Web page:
A Course in Microeconomic Theory/

por KREPS, David M.
[ Livros ] Publicado por : Princeton University Press, (Estados Unidos:) Detalhes físicos: 839 p. ISBN:691042640. Ano: 1990 Tipo de Material: Livros
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chapter one: An overview
1.1. The basic categories: Actors, behavior, institutions, and equilibrium
1.2. The purpose of microeconomic theory
1.3. Scope, detail, emphasis, and complexity
1.4. A précis of the piot

part I: Individual and social choice
chapter two: The theory of consumer choice
and demand
Prologue to part I
2.1. Preferences and choices
2.2. Marshallian demand without derivatives
2.3. Marshallian demand with derivatives
2.4. Aggregate demand
2.5. Bibliographic notes
2.6. Problems
chapter three: Choice under uncertainty
3.1. Von Neumann-Morgenstern expected utility
3.2. On utility for money
3.3. Applications to market demand
3.4. States of nature and subjective probability
3.5. Problems with these modeis
3.6. Normative applications of the theory
3.7. Bibliographic notes
3.8. Problems
chapter four: Dynamic choice
4.1. Optimal dynarnic strategies
4.2. Menus and meals
4.3. Bibliographic notes and discussion
4.4. Problems
chapter five: Social choice and efficiency
5.1. The problem
5.2. Pareto efficiency and optimality: Definitions
5.3. Benevolent social dictators and social welfare functionals
5.4. Characterizing efficient social outcomes
5.5. Social choice rules and ArroWs possibility theorem
5.6. Bibliographic notes
5.7. Problems

part II: The price mechanisin
chapter six: Pure exchange and
general equilibrium
Prologue to part II
6.1. Pure exchange and price equilibrium
6.2. Why (not) believe in Walrasian equilibrium?
6.3. The efficiency of a general equilibrium
6.4. Existence and the number of equilibria
6.5. Time, uncertainty, and general equilibrium
6.6. Bibliographic notes
6.7. Problem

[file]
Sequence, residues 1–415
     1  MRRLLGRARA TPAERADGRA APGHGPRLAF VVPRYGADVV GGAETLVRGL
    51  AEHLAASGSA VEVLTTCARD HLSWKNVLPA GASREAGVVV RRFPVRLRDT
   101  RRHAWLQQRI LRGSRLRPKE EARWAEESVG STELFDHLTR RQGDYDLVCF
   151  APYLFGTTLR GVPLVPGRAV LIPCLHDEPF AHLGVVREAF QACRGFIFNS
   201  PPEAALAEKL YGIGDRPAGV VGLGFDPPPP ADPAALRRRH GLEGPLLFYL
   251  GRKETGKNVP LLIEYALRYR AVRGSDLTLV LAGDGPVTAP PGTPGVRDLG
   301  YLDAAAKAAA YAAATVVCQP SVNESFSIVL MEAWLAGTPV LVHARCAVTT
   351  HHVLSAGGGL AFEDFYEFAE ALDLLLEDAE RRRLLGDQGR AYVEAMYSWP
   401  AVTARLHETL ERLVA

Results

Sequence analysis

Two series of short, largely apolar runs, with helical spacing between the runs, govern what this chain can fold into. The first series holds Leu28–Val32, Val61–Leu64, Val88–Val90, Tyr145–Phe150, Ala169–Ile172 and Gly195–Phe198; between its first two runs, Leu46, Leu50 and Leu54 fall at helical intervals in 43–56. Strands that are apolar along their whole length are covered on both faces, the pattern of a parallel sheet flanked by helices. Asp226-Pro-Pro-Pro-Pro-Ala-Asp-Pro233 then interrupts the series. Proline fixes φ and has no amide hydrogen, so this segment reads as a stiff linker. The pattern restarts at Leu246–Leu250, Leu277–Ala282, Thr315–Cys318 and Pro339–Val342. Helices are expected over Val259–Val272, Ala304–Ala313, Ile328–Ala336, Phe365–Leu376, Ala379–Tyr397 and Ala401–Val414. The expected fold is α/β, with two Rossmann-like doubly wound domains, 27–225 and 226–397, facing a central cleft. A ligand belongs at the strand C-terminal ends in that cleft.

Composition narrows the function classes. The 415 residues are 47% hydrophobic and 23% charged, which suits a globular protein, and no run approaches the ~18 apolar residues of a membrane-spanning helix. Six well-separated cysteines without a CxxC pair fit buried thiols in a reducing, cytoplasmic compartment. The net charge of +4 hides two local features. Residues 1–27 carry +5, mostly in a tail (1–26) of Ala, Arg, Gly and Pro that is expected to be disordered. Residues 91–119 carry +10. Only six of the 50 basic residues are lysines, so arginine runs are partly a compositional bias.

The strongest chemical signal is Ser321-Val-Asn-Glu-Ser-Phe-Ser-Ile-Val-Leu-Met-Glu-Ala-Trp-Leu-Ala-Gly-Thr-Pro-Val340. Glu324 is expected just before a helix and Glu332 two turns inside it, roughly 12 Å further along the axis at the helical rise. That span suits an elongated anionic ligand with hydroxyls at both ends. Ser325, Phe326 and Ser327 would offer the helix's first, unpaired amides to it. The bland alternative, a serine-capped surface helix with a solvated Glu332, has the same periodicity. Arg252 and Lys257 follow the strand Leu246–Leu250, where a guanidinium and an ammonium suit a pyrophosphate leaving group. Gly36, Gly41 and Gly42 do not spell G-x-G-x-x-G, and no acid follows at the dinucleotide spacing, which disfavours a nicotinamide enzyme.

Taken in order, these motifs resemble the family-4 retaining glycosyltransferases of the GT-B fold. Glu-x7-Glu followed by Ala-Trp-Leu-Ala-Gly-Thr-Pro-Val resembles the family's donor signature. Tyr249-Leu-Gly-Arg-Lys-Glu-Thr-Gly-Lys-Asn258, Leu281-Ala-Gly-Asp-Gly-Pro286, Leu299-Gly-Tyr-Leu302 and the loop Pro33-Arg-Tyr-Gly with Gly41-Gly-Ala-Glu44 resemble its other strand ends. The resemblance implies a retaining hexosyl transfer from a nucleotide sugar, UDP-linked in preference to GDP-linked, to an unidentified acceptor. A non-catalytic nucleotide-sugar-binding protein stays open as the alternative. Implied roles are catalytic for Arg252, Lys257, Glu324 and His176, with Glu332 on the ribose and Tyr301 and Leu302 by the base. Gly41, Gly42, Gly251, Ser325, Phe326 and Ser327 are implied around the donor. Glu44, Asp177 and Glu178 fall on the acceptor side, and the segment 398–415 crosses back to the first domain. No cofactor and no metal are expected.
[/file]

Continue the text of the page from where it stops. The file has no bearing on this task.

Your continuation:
chapter seven: The neoclassical firm
7.1. Models of the flrm's technological capabffities
7.2. The profit function
7.3. Conditional factor demands and cost functions
7.4. From profit or cost functions to technology sets
7.5. Cost functions and -runs
7.6. Bibliographic notes 259 7.7. Frobiems
chapter eight: The competitive firm and
perfect competition
8.1. A perfectly competitive market
8.2. Perfect competition and -runs
8.3. What's wrong with partial equilibrium analysis?
8.4. General equilibrium with ftrms
8.5. Bibliographic notes
8.6. Problems
chapter nine: Monopoly
9.1. The standard theory
9.2. Maintaining monopoly
9.3. Multigood monopoly
9.4. Nonlinear pricing
9.5. Monopoly power?
9.6. Bibliographic notes
9.7. Problems
chapter ten: Imperfect competition
10.1. The classic modeis of duopoly
10.2. Bibliographic notes and discussion
10.3. Problems

part III: Noncooperative game theory
chapter eleven: Modeling competitive
Prologue to part III
11.1. Carnes in extensive form: An example
11.2. Carnes in extensive form: Formalities
11.3. Carnes m normal or stategic form
11.4. Mixed strategies and Kuhn's theorem
11.5. Bibliographic notes
11.6. Problems
chapter twelve: Solution concepts
for noncooperative games
12.1. Opening remarks
12.2. Dominance and iterated dominance for normal form games